- The Washington Times - Friday, September 30, 2005

LONDON — The latest battle of Trafalgar is getting ugly.

Mayor Ken Livingstone wants to erect a statue of former South African President Nelson Mandela in Trafalgar Square alongside monuments to British military heroes.

City officials oppose the idea and, in a showdown this week, one of Britain’s most respected sculptors dubbed the proposed Mandela statue “mediocre.”

Mr. Livingstone compared that sculptor’s work to a “dog mess.”

Beneath the aesthetic mudslinging lies a political divide over what kind of heroes should be honored in London’s most famous square.

“Suppose I had proposed, in a moment of euphoric bipartisanship, to erect a statue of [former Conservative Prime Minister] Margaret Thatcher in Trafalgar Square. Would I have had problems with Westminster City Council?” the left-leaning mayor asked the Labor Party’s annual conference this week.

He answered his own question: “No.”

The Conservative-controlled Westminster Council has rejected Mr. Livingstone’s plans for a 9-foot-high bronze statue on the square’s north terrace, outside the main entrance to the National Gallery.

The council says its opposition is practical, not political. It does not like the look of the proposed statue by sculptor Ian Walters, which depicts Mr. Mandela clad in a characteristic loose-fitting shirt, his hands raised as if in animated conversation. It also wants the monument placed in front of the South African Embassy on the eastern edge of the square.

Mr. Livingstone wants Mr. Mandela at the heart of the square, already dominated by another Nelson. A statue of 19th-century naval hero Adm. Horatio Nelson stands atop a 185-foot-high column, and the square itself is named for the admiral’s 1805 victory over the French and Spanish fleets.

Also in the square are statues of King George IV and Victorian generals Henry Havelock and Charles James Napier.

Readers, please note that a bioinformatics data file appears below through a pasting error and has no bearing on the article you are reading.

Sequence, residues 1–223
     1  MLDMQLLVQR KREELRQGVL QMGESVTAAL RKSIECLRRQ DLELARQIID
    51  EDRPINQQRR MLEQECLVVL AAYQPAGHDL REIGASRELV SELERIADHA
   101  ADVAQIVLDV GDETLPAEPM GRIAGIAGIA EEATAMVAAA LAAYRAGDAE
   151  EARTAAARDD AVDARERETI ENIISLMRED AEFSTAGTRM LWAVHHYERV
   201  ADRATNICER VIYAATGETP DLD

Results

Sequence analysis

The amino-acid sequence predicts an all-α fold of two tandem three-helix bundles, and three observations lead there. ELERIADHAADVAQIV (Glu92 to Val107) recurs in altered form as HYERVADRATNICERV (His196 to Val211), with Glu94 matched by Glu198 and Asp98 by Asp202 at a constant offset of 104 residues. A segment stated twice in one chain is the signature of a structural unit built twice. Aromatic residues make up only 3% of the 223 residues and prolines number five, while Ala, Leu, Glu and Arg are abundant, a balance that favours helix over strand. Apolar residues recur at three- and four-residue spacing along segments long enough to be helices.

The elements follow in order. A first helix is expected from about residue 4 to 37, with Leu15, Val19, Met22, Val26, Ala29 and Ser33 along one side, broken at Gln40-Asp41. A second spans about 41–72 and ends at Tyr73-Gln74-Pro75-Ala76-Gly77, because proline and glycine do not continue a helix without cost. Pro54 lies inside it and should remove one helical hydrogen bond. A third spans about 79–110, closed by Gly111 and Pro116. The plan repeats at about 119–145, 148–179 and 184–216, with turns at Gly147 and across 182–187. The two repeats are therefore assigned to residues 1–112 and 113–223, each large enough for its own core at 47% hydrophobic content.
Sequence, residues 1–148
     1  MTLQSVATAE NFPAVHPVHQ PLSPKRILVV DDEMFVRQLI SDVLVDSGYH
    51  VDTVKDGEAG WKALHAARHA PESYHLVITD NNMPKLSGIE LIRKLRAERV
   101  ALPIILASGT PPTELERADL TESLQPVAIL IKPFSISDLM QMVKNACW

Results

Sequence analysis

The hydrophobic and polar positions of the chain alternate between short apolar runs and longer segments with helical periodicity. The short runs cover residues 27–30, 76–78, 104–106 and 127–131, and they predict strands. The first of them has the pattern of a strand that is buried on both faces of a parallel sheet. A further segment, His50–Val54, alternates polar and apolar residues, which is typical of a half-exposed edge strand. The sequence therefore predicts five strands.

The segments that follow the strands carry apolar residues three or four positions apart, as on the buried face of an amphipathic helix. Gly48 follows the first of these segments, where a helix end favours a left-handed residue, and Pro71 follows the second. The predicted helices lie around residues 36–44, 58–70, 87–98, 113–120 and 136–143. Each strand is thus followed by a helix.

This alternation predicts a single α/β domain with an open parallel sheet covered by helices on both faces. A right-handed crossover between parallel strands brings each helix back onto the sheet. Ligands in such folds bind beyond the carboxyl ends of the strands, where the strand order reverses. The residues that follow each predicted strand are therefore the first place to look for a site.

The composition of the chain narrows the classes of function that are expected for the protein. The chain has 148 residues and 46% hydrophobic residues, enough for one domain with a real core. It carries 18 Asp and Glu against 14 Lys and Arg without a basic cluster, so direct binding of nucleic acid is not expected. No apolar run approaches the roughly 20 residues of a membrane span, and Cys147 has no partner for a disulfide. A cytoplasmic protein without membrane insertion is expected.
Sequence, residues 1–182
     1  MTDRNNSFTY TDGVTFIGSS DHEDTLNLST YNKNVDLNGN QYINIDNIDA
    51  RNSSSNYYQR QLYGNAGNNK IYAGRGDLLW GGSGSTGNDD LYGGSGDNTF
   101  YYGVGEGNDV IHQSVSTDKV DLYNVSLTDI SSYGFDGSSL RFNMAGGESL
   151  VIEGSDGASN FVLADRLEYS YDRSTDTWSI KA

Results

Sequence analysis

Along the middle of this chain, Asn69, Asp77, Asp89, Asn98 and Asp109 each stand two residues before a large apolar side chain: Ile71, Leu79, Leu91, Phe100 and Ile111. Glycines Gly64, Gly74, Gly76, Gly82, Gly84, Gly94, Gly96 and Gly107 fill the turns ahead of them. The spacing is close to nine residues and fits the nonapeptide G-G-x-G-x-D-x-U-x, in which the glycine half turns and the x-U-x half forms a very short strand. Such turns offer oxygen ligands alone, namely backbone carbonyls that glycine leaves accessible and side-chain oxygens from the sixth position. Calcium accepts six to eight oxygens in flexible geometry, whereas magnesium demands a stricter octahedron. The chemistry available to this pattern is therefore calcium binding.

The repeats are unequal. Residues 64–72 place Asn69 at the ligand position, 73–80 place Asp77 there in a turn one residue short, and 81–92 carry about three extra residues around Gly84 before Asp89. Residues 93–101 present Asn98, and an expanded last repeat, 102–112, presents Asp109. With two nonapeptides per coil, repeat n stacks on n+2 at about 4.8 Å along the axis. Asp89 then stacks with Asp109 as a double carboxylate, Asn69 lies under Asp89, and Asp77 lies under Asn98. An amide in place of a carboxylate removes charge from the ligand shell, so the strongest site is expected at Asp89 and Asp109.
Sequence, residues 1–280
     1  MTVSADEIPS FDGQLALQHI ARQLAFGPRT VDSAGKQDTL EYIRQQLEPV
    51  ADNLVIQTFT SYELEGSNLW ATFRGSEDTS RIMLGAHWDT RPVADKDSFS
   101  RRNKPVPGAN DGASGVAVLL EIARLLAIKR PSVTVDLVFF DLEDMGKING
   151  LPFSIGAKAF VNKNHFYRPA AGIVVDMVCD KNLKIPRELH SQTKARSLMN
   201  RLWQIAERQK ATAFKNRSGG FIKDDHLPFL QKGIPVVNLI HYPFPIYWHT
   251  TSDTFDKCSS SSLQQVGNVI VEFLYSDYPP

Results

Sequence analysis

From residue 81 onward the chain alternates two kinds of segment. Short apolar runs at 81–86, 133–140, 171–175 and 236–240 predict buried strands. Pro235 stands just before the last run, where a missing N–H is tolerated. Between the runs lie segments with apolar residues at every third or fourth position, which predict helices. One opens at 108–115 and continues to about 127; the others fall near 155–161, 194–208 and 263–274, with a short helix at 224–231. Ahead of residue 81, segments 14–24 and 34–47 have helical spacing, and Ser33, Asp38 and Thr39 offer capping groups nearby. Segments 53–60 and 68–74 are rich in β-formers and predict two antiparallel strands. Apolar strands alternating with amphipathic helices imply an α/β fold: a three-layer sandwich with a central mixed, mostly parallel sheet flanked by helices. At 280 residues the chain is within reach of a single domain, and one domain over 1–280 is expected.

Paul Drury, a consultant for the conservation group English Heritage, which also opposes the mayor’s plan, has said that placing an “informal, small-scale statue” of Mr. Mandela alongside military heroes “would be a major and awkward change in the narrative of the square.”

Changing that narrative is exactly what the radical mayor — once nicknamed “Red Ken” by the press — wants to do. Shortly after his 2000 election, Mr. Livingstone suggested replacing the military statues with figures “that ordinary Londoners would know.”

“I have not a clue who two of the generals there are or what they did,” he said.

During South Africa’s apartheid rule, a constant vigil calling for Mr. Mandela’s release from prison was held at Trafalgar Square, a traditional site of celebrations and demonstrations. Mr. Mandela has addressed crowds there several times since he was freed in 1990.

Mr. Livingstone said critics of the statue’s proposed location were hiding their true motives.

“I actually think it’s what he represents they don’t want to see depicted, because in that square one Nelson signifies the birth of the British empire and 100 years of global dominance,” Mr. Livingstone told Labor delegates. “Nelson Mandela would signify the peaceful transition to a multiracial and multicultural world, and I would be proud to have that in London.”

Mr. Livingstone has some high-profile supporters, including filmmaker Richard Attenborough, who raised money for the statue, and the Rev. Jesse Jackson, who last year called on Westminster Council to honor “one of the greatest statesmen of our time and help bring this internationally important public space into the 21st century.”

At a planning meeting this week to debate the issue, Glynn Williams, professor of sculpture at the Royal College of Art, appeared as a witness for the council, saying the proposed statue was “run-of-the-mill mediocre modeling.”

“A good sculptor of more originality and inventiveness should have been chosen,” he said.

Mr. Livingstone hit back Thursday, noting that Mr. Williams lost to Mr. Walters in a competition to create a statue of former Prime Minister Harold Wilson.

Holding a picture of Mr. Williams’ work, the mayor said: “The only sense that it looks like Harold Wilson is if Harold Wilson has been dead for several days and has started to decompose and is emerging out of a large pile of dog mess.

“It is all very well for people with fine arts degrees, but for ordinary people like myself, we want a statue to look like the person.”

The deputy prime minister’s office is holding an inquiry into the controversy, with a decision expected by year’s end.

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